THE SPIRITUAL JOURNEY CONTINUES FOR RACHEL FREEMAN
When Rachel Freeman ’09 (BA) was growing up, her family life was strictly secular. “I grew up very assimilated into mainstream culture,” she recalls. “When I was 11, my dad gave me a choice of having a sweet 16 party or studying for a Bat Mitzvah. But I had no connection to Judaism as a kid, so I said, ‘I’m going to do a sweet 16 party and have all my friends come. No one has to know I’m Jewish.’”
Freeman says even as a child, she always had a lot on her mind. She started writing short stories at the age of 7; by the time she was 11, she wrote more poetry than prose. “I’ve expressed myself through writing my whole life,” she says. While she doesn’t talk about it very often, she hosted a “for teens, by teens” television program for local public access, and won an Emmy award.
But even though she kept her poems private for years, she found herself yearning for spirituality and connection. For Freeman, it turns out that choosing to attend the University of San Diego helped to light her path. “I was at a Catholic school when I found my Jewish identity,” she says with a laugh.
A sociology major, Freeman declared a second major in ethnic studies, with a concentration in community policy and justice. “We were doing a lot of work in the Kumeyyay Garden, back when all of the awareness around native plants was being recognized on campus,” she recalls. “For me, it became accepting the differences through tikkun olam, a Jewish idea that means ‘to repair the world.’ That’s how I started living my life through Judaism. I was kind of a lost soul who was really trying to find my place.”
Over time, spirituality has become central to Freeman’s worldview. “No matter what somebody believes, we’re interconnected and part of the human spirit. To me, it doesn’t matter if somebody goes to a mosque or a church or a temple. Foundationally, we are human beings who have basic needs and want to feel connection and love for and with each other.”
She attributes much of her identity formation to USD. “Had I not actually explored the ethnic studies major, I don’t know if I would be as connected to Judaism. Ethnic studies gave me a platform to explore and express my ethnoreligious background,” she says.
But it took time to find her way. A birthright trip to Israel senior year didn’t offer any easy answers. “I had a lot of identity issues and questions about organized religion after that trip,” Freeman recalls. She began restricting food and exercising to such an extent that between her return from Israel during spring semester and the following holiday season, she lost 60 pounds. “I dropped weight really fast, and it was hard on my body. I was trying everything to avoid everything in front of me,” she says.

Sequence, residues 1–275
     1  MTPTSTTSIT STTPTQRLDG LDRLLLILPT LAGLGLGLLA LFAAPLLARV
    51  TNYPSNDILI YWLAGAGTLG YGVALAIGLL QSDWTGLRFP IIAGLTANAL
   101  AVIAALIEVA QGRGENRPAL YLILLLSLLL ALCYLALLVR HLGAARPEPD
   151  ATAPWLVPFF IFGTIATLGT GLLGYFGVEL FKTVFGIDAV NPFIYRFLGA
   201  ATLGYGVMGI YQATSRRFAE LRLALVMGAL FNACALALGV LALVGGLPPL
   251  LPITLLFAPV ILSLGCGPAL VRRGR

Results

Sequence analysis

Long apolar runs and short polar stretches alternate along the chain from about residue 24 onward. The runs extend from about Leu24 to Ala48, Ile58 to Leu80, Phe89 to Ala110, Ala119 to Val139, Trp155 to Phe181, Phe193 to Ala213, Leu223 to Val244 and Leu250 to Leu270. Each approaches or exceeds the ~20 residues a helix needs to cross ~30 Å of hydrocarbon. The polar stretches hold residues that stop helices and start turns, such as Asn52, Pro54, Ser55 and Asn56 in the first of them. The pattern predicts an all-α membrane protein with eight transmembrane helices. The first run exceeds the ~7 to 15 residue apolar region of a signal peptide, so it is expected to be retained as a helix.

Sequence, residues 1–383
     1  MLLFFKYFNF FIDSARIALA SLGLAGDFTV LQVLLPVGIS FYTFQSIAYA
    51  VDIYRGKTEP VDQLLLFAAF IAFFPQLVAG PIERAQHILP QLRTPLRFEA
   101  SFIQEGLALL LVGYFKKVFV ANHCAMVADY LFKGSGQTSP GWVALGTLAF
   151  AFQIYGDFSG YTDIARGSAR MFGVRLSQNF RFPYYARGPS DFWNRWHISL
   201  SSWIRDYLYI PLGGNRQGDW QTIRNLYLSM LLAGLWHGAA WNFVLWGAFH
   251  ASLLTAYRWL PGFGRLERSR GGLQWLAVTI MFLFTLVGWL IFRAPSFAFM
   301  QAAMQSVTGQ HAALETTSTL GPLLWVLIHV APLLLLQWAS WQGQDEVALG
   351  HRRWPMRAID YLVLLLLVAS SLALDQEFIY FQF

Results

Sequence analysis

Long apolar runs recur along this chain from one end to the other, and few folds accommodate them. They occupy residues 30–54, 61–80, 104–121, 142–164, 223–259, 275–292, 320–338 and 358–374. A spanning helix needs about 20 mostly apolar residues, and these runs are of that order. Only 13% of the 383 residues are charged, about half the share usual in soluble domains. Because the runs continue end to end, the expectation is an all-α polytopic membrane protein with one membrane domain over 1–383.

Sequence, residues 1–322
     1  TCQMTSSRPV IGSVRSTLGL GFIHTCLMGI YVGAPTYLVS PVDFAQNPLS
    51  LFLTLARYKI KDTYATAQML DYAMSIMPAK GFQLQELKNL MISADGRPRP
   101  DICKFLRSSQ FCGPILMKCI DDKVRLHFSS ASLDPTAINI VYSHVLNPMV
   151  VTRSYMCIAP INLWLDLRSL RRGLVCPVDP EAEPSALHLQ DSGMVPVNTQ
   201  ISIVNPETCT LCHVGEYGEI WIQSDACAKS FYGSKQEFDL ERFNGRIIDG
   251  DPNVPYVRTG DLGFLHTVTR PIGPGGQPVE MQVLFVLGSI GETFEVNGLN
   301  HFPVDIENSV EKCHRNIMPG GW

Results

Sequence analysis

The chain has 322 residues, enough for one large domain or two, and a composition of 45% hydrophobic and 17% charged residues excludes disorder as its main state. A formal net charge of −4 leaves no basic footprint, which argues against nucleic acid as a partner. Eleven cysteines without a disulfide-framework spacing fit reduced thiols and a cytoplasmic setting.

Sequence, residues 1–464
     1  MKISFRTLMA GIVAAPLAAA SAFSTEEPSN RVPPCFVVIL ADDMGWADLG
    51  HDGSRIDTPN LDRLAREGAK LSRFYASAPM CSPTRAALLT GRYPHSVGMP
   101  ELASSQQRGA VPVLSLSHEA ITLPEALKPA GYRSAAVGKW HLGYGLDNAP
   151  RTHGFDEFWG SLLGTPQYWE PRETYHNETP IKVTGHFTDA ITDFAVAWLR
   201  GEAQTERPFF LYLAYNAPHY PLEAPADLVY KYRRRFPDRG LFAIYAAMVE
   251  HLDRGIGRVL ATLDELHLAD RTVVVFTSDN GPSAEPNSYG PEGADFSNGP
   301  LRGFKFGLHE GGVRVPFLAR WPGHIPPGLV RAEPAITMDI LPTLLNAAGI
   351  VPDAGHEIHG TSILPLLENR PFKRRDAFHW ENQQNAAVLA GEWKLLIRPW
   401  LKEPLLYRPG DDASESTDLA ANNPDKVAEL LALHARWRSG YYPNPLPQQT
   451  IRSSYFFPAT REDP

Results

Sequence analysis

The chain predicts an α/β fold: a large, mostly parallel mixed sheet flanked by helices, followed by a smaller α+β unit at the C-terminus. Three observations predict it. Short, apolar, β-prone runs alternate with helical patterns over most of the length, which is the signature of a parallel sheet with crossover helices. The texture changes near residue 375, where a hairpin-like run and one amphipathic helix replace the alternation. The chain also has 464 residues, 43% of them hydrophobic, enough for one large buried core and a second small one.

“Food and exercise addiction are easy to hide. But you need food to live. If you have an addiction to something else, the whole point of recovery is to give it up. But if you give up food, you die. It becomes your deepest, darkest secret. You have to let someone in, in order to help you.”
Freeman is the first to admit to being an overachiever, even when it comes to her recovery. “After graduation, I got into a grad program for marriage and family therapy, because like any addict, I thought I could help myself. It was not a good fit for me.” But what turned out to be a perfect fit was what she calls a five-week “Jewish sleepaway art camp” which was lifesaving.
“One night, a recovery group from the addiction treatment center Beit T’Shuvah performed, and I fell in love with it.” So much so that she performed one of her poems in front of 60 people. “It was the first time I actually came out publicly about my eating disorder,” Freeman says. “It was super empowering.” So much so that she decided to seek a publisher for a book of her highly personal poetry. Until then, she hadn’t shared those poems with anyone.
“We had to make a collage and rename what we thought God or a higher power was,” she explains. “My higher power is my hunger — my hunger for life, my hunger to always do something more, my actual literal hunger — that’s what drove me to do everything.” And that’s the name of her first volume: The Hunger.
Freeman is still driven. She’s written a follow-up book, Still Hungry, and is seeking a publisher. She works full time as a special education teacher, and recently completed an accelerated master’s degree/administrative credential program in just a year. As she looks to the future, she’s not afraid to dream big. “I would love to turn my poetry and story of recovery into a miniseries for a streaming platform,” she admits.
In the meantime, Freeman — who identifies as “culturally Jewish” — is all about finding healthier ways to satisfy her yearnings. Her advice to others is simple. “Celebrate individuality, and know that you have a voice. It took me 10 years to put out what I had because I was too scared of what others would think. You’ve got to allow people the space to express who they are and what their needs are.” — Julene Snyder